Yes, large food and beverage companies have a moral obligation and responsibility to consider the consequences for public health of marketing and distributing certain kinds of food and drink products. This is because of application of the ethical principle of consequentialism. Basically, consequentialism holds that the ethical value of an action is seen in its consequences (Burgh 2006, p. 17). Therefore, large food and drink companies should consider the consequences of marketing and distributing various types of food and drink products to the public. For instance, Coca-Cola should consider the consequences of its marketing campaigns in Mexico. This is because increased consumption of some of the products of Coca-Cola is one of the causes of obesity among the Mexican population (ABC 2012).

5. The program describes a range of marketing techniques used by food and beverage companies in different countries: the marketing of soft drinks to schools in Mexico; the door to door selling of snack foods fortified with micronutrients and marketed to low income families in Brazil; a snack food boat that visits small villages along the Amazon to promote and sell food and drinks. Do you find any of these marketing techniques morally problematic? Explain in each case, why or why not.

There is a wide variation to the answer of whether the marketing communication tactics that are used by food and beverage companies are ethical or not (Williams & Drumwright 2012, p. 2). This is so since the interpretation by marketers varies greatly from that of advocates of public health. Some of the issues about marketing communication by food and beverage companies include marketing to children, presenting information that has been twisted to mislead the public and lack of concern about the health problems that arise from their products (Okolowski 2015, p. 2). These issues are applicable to the cases provided. Marketing Coca-Cola products to schools in Mexico amounts to advertising to children. Door-to-door selling of snack foods that have been fortified with nutrients among the poor in Brazil amounts to providing misleading information to customers.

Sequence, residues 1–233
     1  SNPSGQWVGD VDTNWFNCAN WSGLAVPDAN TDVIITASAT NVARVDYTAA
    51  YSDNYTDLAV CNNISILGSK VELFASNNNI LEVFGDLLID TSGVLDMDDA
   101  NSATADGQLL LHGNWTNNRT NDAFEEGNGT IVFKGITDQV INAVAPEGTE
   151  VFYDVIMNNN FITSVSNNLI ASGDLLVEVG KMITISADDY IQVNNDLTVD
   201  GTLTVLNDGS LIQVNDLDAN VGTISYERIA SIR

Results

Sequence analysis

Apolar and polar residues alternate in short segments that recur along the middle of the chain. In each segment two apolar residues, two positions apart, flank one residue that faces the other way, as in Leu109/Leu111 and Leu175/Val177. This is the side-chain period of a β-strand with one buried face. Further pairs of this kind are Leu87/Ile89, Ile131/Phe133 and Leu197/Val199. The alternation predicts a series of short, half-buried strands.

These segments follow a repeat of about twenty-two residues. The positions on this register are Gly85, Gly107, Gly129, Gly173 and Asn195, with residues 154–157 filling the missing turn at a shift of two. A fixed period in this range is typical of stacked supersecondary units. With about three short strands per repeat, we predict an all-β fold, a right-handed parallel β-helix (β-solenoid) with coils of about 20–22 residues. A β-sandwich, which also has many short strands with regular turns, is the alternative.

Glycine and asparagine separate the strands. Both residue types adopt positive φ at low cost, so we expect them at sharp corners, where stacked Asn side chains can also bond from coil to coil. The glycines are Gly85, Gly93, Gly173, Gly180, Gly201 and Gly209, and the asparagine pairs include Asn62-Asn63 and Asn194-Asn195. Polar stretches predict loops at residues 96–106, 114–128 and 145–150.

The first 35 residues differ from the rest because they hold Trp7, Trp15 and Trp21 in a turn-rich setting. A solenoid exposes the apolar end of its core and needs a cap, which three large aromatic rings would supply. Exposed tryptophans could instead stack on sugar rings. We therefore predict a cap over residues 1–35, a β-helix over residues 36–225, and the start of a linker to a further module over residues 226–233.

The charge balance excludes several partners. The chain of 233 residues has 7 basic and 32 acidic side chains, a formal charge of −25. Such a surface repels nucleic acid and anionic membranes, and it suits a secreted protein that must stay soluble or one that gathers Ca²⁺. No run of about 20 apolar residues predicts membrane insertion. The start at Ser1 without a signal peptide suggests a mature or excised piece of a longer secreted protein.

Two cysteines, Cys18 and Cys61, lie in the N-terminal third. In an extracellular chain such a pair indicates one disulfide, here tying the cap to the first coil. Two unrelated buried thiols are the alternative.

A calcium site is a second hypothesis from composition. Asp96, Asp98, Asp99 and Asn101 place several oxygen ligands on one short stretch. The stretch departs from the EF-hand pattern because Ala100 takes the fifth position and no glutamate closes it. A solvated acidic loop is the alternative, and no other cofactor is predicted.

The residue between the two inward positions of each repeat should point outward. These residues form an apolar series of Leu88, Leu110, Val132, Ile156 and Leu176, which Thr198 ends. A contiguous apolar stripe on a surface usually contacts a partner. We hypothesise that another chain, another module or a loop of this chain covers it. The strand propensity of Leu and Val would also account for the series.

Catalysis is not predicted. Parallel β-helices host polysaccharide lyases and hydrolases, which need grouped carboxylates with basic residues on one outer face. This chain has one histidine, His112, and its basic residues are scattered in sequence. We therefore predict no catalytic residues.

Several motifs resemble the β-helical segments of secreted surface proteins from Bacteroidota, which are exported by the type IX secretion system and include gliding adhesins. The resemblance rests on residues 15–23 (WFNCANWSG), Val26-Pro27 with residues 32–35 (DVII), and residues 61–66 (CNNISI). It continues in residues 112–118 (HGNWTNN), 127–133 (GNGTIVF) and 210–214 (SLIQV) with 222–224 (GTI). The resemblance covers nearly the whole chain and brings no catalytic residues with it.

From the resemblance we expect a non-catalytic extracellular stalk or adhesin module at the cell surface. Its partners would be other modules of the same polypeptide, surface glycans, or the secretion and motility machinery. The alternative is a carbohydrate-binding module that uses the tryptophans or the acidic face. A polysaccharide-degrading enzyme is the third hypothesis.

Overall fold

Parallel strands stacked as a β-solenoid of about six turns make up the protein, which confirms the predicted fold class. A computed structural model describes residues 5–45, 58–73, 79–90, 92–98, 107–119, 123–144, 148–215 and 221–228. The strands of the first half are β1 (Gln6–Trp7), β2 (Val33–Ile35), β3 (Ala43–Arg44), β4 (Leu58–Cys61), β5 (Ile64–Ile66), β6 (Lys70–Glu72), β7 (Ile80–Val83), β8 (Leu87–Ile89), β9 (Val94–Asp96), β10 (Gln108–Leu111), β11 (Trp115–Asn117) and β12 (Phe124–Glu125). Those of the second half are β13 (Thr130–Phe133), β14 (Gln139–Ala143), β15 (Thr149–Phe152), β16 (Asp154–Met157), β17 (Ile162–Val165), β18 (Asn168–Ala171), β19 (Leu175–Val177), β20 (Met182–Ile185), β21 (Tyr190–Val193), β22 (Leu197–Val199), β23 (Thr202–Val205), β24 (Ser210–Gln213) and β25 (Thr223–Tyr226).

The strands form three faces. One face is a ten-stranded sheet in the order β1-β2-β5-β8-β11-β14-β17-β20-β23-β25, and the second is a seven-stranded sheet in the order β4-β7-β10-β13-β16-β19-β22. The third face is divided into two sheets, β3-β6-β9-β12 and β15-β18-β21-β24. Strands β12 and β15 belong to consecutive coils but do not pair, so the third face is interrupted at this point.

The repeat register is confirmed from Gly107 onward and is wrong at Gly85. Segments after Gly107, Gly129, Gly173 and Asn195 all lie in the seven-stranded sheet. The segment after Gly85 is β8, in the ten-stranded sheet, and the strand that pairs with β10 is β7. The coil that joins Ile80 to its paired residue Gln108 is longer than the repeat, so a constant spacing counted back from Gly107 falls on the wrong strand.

Section C

6. Compare your responses to the two cases. Do you apply the same principles and standards of conduct to pharmaceutical companies as you do to food and beverage companies? What are the morally relevant differences/similarities between the two cases?

Yes, I apply the same principles to the two cases. This is because the two cases are similar to each other in several ways. For instance, in both cases, there is the contradiction between morality and law. On one hand, the activities of the two companies can be justified as being perfectly legal. However, when interpreted using ethical principles, the actions are found to be unethical. On the other hand, completely illegal activities by the companies are actually morally right. The second similarity arises from the nature of the issues that affect both companies. In both cases, the main issue is that the actions of the companies have far-reaching consequences to individuals. It is based on the consequences that the rightfulness or wrongness of the actions is determined.


ABC 2012, Globesity, fat’s new frontier, viewed 20 October 2015, <>.

BBC 2012, GlaxoSmithKline to pay $3bn in US drug fraud scandal, viewed 20 October 2015, <>.

Burgh, G 2006, Ethics and the community of inquiry: education for deliberative democracy, Cengage Learning Australia, Sydney.

Fernando, AC 2009, Business ethics: an Indian perspective, Pearson Education India, New Delhi.

Okolowski, J 2015, The ethics of food advertising, viewed 20 October 2015, <>.

Williams, JD & Drumwright, ME 2012, Ethical and responsible food and beverage marketing to children and adolescents, viewed 20 October 2015, <>.